Hmm, this is perplexing, someone posted the answer we were looking for early on, but it is gone now. So we will take the last answer, Coleman. While Coleman was the builder of this truck, we also have to give a partial credit to the Ford answers, as some Ford components were used. At least nine of these yard donkeys were built for PIE. Sergey "Trucker" had the right answer. Thanks to John Frances for these photos, and also for providing this info from "Distribution Age" magazine in 1951.
PACIFIC Intermountain Express Co. is using a new single-seat tractor, called a "yard donkey," to spot and tow semitrailers at freight docks and maintenance facilities.
The "donkey" is equipped with a hydraulic fifth wheel controlled by the driver. This permits the yard hostler to back under a semi-trailer and, after the king pin is locked, lift it without cranking up the "landing gear." The landing gear under the semi-trailer is lowered when the road tractor is unhitched to hold the former in a level position. By use of the hydraulic fifth wheel on the "donkey," it is not necessary to raise and lower the landing gear in the yard, as the hydraulic fifth wheel raises the semi trailer high enough for the wheels on the gear to clear the ground as the trailer is moved.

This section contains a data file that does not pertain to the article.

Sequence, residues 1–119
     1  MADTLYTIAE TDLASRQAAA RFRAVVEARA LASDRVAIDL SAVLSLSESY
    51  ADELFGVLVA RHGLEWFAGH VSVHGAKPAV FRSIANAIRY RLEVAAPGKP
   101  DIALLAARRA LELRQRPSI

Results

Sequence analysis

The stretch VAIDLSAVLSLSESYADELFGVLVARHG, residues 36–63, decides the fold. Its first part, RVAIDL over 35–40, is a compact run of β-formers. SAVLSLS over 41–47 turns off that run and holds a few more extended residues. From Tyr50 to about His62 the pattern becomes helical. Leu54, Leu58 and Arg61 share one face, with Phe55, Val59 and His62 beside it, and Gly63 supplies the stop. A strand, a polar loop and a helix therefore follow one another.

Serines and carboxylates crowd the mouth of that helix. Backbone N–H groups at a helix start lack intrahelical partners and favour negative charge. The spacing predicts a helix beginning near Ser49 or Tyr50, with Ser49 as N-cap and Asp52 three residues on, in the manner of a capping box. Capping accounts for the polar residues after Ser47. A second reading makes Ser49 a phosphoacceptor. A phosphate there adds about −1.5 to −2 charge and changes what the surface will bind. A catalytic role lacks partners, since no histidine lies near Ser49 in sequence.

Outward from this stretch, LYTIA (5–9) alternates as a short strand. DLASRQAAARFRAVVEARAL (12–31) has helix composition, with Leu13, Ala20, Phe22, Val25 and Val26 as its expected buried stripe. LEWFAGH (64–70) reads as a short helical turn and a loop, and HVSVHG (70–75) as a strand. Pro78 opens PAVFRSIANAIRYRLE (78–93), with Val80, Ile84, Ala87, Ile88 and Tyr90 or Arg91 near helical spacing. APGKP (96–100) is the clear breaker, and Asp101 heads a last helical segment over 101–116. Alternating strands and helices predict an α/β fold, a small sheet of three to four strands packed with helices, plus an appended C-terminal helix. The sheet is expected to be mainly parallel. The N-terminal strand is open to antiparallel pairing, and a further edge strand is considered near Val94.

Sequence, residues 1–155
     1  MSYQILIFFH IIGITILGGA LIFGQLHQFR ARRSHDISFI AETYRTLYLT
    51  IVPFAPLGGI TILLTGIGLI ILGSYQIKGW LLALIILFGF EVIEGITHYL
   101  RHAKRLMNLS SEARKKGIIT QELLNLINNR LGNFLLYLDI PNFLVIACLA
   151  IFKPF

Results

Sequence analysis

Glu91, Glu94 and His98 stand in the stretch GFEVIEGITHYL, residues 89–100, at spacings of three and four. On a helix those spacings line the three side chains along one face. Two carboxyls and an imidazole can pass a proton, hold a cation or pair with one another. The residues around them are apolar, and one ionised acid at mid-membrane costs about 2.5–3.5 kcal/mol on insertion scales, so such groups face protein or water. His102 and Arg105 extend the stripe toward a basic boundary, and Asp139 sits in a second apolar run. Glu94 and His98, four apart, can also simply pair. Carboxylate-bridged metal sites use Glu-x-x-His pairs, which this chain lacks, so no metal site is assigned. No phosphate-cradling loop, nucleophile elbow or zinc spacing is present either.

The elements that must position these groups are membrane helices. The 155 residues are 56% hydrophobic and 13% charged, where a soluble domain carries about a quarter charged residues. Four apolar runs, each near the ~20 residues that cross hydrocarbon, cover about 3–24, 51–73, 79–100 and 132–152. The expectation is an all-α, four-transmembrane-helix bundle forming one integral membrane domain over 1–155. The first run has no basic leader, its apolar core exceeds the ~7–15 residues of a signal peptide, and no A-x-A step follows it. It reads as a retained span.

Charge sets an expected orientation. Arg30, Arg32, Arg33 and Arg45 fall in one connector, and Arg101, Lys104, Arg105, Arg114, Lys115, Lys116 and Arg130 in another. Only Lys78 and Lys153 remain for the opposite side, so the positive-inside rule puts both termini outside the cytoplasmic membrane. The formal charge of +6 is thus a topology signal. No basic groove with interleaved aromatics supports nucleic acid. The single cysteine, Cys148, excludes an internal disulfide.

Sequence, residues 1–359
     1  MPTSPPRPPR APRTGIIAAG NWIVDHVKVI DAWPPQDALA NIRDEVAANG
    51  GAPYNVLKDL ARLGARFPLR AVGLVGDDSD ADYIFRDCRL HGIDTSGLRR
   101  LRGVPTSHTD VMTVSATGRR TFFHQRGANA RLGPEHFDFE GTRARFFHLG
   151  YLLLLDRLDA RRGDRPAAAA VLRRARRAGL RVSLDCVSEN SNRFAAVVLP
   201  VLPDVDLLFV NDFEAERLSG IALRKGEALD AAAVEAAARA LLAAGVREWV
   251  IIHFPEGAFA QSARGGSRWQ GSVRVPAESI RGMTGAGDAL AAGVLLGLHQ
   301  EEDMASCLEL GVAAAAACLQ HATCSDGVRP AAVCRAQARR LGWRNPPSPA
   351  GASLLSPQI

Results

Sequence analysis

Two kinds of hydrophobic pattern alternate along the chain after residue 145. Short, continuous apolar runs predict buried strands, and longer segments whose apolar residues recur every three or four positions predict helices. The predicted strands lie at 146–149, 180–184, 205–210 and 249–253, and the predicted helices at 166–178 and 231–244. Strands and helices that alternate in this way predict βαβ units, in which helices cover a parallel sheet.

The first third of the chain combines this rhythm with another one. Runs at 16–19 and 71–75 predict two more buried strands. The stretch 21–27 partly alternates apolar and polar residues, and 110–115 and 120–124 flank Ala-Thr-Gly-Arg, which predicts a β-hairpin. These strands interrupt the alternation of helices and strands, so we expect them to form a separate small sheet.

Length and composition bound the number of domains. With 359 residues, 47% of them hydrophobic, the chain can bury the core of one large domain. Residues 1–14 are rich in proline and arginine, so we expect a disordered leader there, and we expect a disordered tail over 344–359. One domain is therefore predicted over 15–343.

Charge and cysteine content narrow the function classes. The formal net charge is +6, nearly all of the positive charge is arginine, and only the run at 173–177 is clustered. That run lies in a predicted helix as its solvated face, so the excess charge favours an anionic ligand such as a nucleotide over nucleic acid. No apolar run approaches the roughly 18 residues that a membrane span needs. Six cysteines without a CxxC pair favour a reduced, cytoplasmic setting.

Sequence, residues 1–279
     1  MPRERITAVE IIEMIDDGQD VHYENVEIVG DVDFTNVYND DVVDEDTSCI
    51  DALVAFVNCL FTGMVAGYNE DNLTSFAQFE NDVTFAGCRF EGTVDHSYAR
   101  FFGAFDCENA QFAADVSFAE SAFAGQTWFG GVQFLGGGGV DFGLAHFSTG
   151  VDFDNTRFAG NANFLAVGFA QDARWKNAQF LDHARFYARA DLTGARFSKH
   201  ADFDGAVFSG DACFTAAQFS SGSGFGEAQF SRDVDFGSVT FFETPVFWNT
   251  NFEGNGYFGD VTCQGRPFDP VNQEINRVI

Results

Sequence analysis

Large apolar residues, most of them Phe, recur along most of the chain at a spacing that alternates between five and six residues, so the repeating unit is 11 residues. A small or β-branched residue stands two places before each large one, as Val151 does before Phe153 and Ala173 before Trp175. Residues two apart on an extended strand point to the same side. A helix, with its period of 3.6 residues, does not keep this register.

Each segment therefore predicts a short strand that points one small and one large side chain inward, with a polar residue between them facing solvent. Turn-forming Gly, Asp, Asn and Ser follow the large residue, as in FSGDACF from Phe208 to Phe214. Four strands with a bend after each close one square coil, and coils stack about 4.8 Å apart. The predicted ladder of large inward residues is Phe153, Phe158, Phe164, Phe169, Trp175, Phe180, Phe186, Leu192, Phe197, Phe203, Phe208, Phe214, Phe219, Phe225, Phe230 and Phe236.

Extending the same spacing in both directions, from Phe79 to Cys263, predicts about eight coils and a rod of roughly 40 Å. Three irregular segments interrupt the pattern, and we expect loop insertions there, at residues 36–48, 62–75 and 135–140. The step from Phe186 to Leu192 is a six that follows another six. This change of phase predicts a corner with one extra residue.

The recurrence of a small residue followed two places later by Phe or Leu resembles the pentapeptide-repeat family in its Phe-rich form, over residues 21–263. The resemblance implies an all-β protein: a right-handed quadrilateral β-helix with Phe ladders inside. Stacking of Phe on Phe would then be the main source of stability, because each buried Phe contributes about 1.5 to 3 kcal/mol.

From his seat, the hostler can also reach back and connect or disconnect the air lines carrying air to the semi-trailer brakes. A special stand holds the lines at a convenient level to the rear of the seat. The hostler is thus able to back a semi-trailer into the dock or pull it into position for over-the-road service without lost motion. By making the air connection, brakes on the semi-trailers can be tested before hooking on to line-haul power equipment.
The short coupling permits mobility that could not be obtained by a standard tractor. This feature is particularly important in the movement of semi-trailers in maintenance and overhaul shops. A 35-ft. semi-trailer can be turned around in its own length or switched easily from one service line to another while undergoing inspection maintenance.
The unit measures 13 ft. 2 in. It is fabricated under company specifications by Coleman Motors, Littleton, Colo. Bartlett Trailer Co., Chicago, furnished the hydraulic fifth wheel. Power unit and component parts were supplied by Ford. The company has nine of the units in operation.